The recent conversation between Oprah and Rob Bell, featured in a video entitled Super Soul Sunday, has created lots of buzz over the last couple days. Perhaps the most striking comments emerging from this conversation – and the portion garnering the most attention – is Bell’s assertion that the church (one would presume in context Bell is referring to evangelicals) is “moments away” from acknowledging and accepting gay marriage.Bell explains, “… culture is already there” but then he adds: “… the church will continue to be even more irrelevant when it quotes letters from 2,000 years ago as their best defense.” Because LOVE.
Yes, Bell raises good points: “we need to affirm people,” “this is the world we are living in,” “one of the oldest aches in the bones of humanity is loneliness.” Yes, yes and yes! However, Bell’s perception of the Bible, God’s love letter to the peoples of the world, reflects he does not view scriptures as Holy or anything that resembles their uniqueness. Is the Bible simply an irrelevant collection of “letters from 2,000 years ago” as Bell suggests?
Funny I should ask that question! From his back-pocket (so to speak), Bell produces a handy antidote to those awkward 2,000 year old letters! Part of the Super Soul Sunday conversation focuses around this book authored by Bell and his wife that was released last fall. Titled The Zimzum of Love: A New Way of Understanding Marriage, publicity materials for this volume offer the reader “a startling new way of looking at marriage,” proposing there are “deeper mysteries of marriage” (see back book cover) which the Bells have unearthed and have generously revealed in their book.
I’ve lifted three random Bell statements from the Advocate post and quoted them above because they seemed to encapsulate Bell’s point of view. Briefly, I want to address those statements with what I believe is the wholly Christian point of view (as opposed to the squishy, psycho-babbly notion of zimzum).
We Need To Affirm People
This assertion is not debatable in the Christian community. Jesus Christ himself said, “Greater love has no one than this: to lay down one’s life for one’s friends.” I’d say Jesus’ words are totally affirming, wouldn’t you? Who would argue they’re not?
Here’s the difference though. Affirming someone doesn’t mean you should overlook bad behavior (or sin). The beautiful example of forgiveness from John 8 reflects how Jesus affirmed a woman who had been mercilessly condemned by the religious leaders of that day. (They were accusing her of adultery and suggesting she should be stoned.) Jesus says He won’t condemn her – He affirms her – but He adds, “Go now and leave your life of sin.”
When a dear friend is addicted to drugs, we don’t demonstrate our love for him or her by affirming the addiction. We urge treatment and counseling and rehab … because love seeks the loved one’s highest good.
This Is The World We’re Living In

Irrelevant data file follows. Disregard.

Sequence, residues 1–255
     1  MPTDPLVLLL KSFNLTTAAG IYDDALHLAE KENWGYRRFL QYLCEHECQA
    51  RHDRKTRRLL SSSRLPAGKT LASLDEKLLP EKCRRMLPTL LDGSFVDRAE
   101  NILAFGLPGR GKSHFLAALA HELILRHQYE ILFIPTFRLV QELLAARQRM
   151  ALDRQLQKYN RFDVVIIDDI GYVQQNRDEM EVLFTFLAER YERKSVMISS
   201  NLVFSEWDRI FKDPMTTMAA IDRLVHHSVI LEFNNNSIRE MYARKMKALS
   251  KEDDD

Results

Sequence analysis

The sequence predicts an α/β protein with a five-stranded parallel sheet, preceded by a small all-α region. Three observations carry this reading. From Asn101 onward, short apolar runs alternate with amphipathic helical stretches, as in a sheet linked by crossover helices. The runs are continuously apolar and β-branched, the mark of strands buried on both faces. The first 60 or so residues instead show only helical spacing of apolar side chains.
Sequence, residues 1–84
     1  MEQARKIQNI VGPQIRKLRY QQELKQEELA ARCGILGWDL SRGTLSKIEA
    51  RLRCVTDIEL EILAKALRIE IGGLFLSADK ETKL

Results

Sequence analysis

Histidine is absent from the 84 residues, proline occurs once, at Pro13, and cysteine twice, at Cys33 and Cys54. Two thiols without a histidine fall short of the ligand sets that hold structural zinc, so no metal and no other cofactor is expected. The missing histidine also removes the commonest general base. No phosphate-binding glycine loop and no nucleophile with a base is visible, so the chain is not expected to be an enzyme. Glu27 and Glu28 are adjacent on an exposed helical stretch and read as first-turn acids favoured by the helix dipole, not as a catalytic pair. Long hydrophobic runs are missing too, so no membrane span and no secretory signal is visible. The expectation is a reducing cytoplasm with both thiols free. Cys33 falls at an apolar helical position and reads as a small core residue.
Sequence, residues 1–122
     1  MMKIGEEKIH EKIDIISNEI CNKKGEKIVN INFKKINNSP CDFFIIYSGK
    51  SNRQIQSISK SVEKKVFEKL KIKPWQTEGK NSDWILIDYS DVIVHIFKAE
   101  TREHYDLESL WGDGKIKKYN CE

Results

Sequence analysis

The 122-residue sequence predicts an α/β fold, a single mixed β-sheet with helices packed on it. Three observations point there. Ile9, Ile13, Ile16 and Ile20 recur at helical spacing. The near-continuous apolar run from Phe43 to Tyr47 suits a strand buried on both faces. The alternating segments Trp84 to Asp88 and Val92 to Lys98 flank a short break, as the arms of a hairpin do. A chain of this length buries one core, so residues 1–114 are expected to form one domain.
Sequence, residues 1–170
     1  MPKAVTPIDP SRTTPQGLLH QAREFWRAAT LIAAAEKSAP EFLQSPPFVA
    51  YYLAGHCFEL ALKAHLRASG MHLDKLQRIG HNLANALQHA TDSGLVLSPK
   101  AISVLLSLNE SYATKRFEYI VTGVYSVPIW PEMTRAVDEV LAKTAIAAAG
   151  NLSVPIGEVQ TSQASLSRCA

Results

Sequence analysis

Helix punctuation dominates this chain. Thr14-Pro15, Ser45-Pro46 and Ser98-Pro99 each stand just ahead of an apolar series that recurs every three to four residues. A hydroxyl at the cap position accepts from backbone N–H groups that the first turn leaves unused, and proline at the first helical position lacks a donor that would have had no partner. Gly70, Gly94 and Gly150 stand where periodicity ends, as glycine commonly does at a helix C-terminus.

Indeed it is. Over the last couple years, this world has shown us multiple beheadings, a pilot murdered by being burned alive with video cameras taping the grizzly details, babies and children who are abused, tortured and mistreated. I won’t dwell on the sorry state of our times, but this world in which we live has shown us its barbaric underbelly. Do we just sit back, shrug our shoulders and accept it?
Honestly, is that the threshold to which civilization has brought us? We used to be a society where people were urged to embrace their better instincts, to reject bad company and hurtful or immoral behavior, and to reach deeply within where the soul harbored soaring ideals!
One Of the Oldest Aches in Humanity is Loneliness
So completely true. We live our lives trying to soothe that ache, trying to scratch the itch as best we can. Loneliness drives some to alcohol, it drives others into the arms of an illicit lover, it drives still others to suicide. The ache of loneliness is excruciating!
But Blaise Pascal said it best: “What is it then that this desire and this inability proclaim to us, but that there was once in man a true happiness of which there now remains to him only the mark and empty trace, which he in vain tries to fill from all his surroundings, seeking from things absent the help he does not obtain in things present? But these are all inadequate, because the infinite abyss can only be filled by an infinite and immutable object, that is to say, only by God Himself.” (from Pensées, Section VII, page 113. I’ve underlined for emphasis.)
This same expression has been attributed to Pascal and restates the above paragraph: “There is a God shaped vacuum in the heart of every man which cannot be filled by any created thing, but only by God, the Creator, made known through Jesus.”
Because it’s an “infinite abyss,” trying to resolve that “oldest ache in humanity” by looking to a finite being for relief is impossible. As Pascal says, it requires an infinite and immutable object to bridge that infinite abyss!
As yet, neither Bell nor Oprah nor the mystical promise of zimzum has shown its aspect to be infinite and immutable. It’s simply psychobabble to sell books. Snake oil for the 21st century.